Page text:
Arts & Culture » Performing Arts Review

Ontological Proof of My Existence/Masks




Thunder Road Ensemble

at Prop Theatre


at Cafe Voltaire

Peter V. seduces young women not with money or drugs but with spiritual affirmation: by assuring neglected adolescents that they're pretty and popular enough to be cheerleaders--high accolades in their parlance--and that their femininity holds the key to life itself, he persuades them that their existence depends solely on his selfless love. The young women who dwell in the squalid rooms of Peter's condemned building therefore make no attempt to escape their unlocked prison but wait in dazed suspense for the moment when Peter will grace them with his presence--usually accompanied by the customers he calls "husbands," who seek comfort and affection from their "wives" after a weary day at the office.

Ontological Proof of My Existence has all the potential for melodrama--a runaway teenager, Shelley, falls into prostitution at the encouragement of the charismatic Peter V., whereupon her doting father comes to fetch her home--but playwright Joyce Carol Oates is not interested in TV-movie fables. Peter V., who claims to have been reborn at the age of 25, takes the name of Pyotr Verkhovenski in Dostoyevski's The Possessed. Shelley seems a penitent in her cell, and she has certainly mortified her flesh in obedience to her "messiah"--her hair has been shorn and her body starved to prepubescent thinness, ostensibly to accommodate the "husbands" who prefer their "wives" ambisexual. But this androgyny is also our culture's fashion ideal. And as we listen to Shelley's father rhapsodize over old family photographs, it becomes apparent that he too has idealized girlhood.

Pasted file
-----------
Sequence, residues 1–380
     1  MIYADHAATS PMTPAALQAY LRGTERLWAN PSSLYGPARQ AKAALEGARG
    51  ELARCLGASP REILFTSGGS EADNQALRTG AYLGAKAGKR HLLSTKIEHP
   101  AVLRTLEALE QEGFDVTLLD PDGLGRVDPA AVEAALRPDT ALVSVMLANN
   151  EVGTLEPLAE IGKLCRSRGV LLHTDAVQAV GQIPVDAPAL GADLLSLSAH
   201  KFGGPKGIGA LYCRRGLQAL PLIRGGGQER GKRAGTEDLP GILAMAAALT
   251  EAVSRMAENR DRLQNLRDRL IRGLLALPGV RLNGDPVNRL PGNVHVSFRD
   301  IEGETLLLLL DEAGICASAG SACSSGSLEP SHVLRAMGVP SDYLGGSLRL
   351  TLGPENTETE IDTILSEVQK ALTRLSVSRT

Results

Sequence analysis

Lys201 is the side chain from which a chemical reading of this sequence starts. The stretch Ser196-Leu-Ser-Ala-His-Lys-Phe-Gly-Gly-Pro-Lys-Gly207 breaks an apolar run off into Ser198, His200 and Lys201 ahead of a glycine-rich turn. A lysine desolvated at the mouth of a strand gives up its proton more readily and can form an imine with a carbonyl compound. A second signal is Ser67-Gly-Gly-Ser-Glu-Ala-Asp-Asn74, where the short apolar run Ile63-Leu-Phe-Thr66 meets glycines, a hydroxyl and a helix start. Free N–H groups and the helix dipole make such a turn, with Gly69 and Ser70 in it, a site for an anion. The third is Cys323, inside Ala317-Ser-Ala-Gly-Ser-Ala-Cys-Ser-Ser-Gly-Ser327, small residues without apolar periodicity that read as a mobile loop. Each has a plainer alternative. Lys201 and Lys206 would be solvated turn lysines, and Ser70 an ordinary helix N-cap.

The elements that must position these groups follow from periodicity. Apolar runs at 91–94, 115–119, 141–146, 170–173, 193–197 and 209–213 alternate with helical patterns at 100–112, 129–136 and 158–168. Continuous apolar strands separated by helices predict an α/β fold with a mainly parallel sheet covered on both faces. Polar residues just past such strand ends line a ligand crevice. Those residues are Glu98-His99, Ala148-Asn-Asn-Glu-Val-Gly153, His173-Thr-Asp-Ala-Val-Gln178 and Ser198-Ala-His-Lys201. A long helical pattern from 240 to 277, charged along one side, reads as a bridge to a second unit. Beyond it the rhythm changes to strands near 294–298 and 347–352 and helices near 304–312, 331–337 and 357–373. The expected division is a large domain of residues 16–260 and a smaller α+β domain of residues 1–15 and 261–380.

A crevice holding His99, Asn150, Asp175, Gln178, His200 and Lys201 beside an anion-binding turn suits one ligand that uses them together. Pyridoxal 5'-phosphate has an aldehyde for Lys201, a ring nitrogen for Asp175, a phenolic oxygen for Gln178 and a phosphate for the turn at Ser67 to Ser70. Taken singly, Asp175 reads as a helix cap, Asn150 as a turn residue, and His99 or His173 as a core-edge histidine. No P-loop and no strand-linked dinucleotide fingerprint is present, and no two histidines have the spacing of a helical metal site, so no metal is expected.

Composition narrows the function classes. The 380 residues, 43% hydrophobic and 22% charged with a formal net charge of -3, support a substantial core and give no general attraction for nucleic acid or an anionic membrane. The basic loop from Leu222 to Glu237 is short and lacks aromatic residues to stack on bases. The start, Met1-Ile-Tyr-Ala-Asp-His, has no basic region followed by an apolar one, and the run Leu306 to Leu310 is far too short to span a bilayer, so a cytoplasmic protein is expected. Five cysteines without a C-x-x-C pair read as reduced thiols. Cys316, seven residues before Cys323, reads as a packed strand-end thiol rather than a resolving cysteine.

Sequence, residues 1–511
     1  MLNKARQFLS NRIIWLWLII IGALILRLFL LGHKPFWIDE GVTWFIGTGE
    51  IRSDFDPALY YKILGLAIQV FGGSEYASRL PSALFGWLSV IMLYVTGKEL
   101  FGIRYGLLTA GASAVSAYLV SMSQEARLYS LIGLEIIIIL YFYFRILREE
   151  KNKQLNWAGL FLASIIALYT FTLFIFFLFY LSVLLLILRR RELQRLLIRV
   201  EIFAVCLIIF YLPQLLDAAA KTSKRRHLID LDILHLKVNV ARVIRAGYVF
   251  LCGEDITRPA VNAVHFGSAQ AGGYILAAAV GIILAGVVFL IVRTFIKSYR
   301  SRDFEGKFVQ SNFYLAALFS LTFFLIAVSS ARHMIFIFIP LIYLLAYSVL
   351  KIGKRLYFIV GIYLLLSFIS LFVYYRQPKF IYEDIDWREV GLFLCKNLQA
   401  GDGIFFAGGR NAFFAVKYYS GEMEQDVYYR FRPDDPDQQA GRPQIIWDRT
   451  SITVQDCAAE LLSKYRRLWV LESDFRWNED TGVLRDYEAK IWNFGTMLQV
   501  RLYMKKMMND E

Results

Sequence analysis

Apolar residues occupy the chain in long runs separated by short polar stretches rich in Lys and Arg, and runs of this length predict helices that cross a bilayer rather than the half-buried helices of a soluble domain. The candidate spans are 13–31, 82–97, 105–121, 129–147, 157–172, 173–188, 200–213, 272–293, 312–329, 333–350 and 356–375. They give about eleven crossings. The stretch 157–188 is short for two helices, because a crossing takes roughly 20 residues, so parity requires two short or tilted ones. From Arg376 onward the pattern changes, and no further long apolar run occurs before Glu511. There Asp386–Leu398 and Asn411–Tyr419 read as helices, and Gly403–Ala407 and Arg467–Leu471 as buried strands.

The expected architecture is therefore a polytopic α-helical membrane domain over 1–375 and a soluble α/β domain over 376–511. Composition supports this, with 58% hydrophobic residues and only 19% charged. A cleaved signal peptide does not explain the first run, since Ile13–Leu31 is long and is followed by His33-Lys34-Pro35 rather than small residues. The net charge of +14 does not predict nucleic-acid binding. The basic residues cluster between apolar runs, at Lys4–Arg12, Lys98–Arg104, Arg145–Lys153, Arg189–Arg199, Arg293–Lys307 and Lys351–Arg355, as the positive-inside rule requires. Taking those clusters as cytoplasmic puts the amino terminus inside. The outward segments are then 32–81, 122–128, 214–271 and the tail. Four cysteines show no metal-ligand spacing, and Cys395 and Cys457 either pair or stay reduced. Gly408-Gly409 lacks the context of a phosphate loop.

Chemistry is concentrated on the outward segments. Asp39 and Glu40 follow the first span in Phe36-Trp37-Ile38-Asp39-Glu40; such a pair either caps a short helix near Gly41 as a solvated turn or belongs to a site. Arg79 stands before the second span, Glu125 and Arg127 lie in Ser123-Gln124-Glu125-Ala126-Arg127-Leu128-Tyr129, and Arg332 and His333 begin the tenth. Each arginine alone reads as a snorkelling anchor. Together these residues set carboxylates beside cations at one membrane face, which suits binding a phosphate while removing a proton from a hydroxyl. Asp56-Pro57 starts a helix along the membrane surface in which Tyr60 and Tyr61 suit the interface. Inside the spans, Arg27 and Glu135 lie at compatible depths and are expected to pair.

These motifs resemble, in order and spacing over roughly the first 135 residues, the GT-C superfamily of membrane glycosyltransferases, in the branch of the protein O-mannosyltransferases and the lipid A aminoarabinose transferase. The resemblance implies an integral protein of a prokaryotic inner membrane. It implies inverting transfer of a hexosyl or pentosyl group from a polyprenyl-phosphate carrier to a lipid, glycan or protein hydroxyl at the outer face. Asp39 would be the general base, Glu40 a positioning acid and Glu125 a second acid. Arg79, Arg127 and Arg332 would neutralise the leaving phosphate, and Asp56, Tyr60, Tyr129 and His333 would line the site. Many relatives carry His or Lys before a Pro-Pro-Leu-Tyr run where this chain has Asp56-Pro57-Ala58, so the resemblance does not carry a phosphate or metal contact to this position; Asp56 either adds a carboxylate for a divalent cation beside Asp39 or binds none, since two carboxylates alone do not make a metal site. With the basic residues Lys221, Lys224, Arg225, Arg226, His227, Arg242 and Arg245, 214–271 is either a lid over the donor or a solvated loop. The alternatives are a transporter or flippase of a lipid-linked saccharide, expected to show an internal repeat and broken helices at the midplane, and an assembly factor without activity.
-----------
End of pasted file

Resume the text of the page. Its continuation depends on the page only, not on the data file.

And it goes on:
It's thus perversely understandable that Shelley should refuse her father's sentimental pleas and stay with the exploitive Peter: he promises absolution for the sin of being imperfectly, insignificantly human. Peter shrugs off any guilt, saying that his is the logical response to the times. "We are the true Americans, the true talent," he declares. "Everything in this city is falling. People like myself have only to stoop to pick up prizes." And if those prizes include disoriented children who "can't determine the limitations of their own bodies unless someone is always embracing them," so be it.

It's not a pretty picture of our society, and it's rendered all the more disturbing by the sweet-faced James Schneider's portrayal of Peter V. as a thoroughly charming serpent. His ingenuous admiration of the preening Shelley almost wins us over--until he asks a gentleman in the audience what he'll pay for her and we realize we've been listening to a sales pitch. So does his rational behavior in the face of Shelley's hyperemotional giddiness and her father's ludicrous ineffectuality ("an old god," Peter calls him). These thankless roles are played by Marjorie Tatum, who brings a manic coquetry to the pitiful Shelley, and Jerry Phalen, who is subtly sinister instead of the conventional "good parent." Under the deft direction of Deborah King, Thunder Road's production offers a riveting criticism of the universe we have ourselves created and continue to support, though we may shudder at its more overt manifestations.

In Masks a young woman talks about recovering from the trauma of rape at the hands of anonymous thieves--who murdered as well as raped her best friend--by joining up with a traveling show that features women dressed in gorilla suits wrestling in giant fruit pies. The physical and spiritual injuries suffered by Deni, the protagonist in this one-woman show, are as common these days--sad to say--as the means to her rehabilitation are bizarre. But the delicate imagery of Brian Gary Kirst's script and Tina Steele's robustly kinetic delivery--assisted by several Emil Nolde-inspired masks and a few Mummenschanz-like props--make it all seem as plausible as it is entertaining. To trade an uncomfortable disguise for a less cumbersome one, as Shelley does in Ontological Proof, may offer some small relief; but to announce, as Deni does, "My days of dress-up are done" produces an elation to which those of us wearing the necessary masks of civilization can only aspire.

Add a comment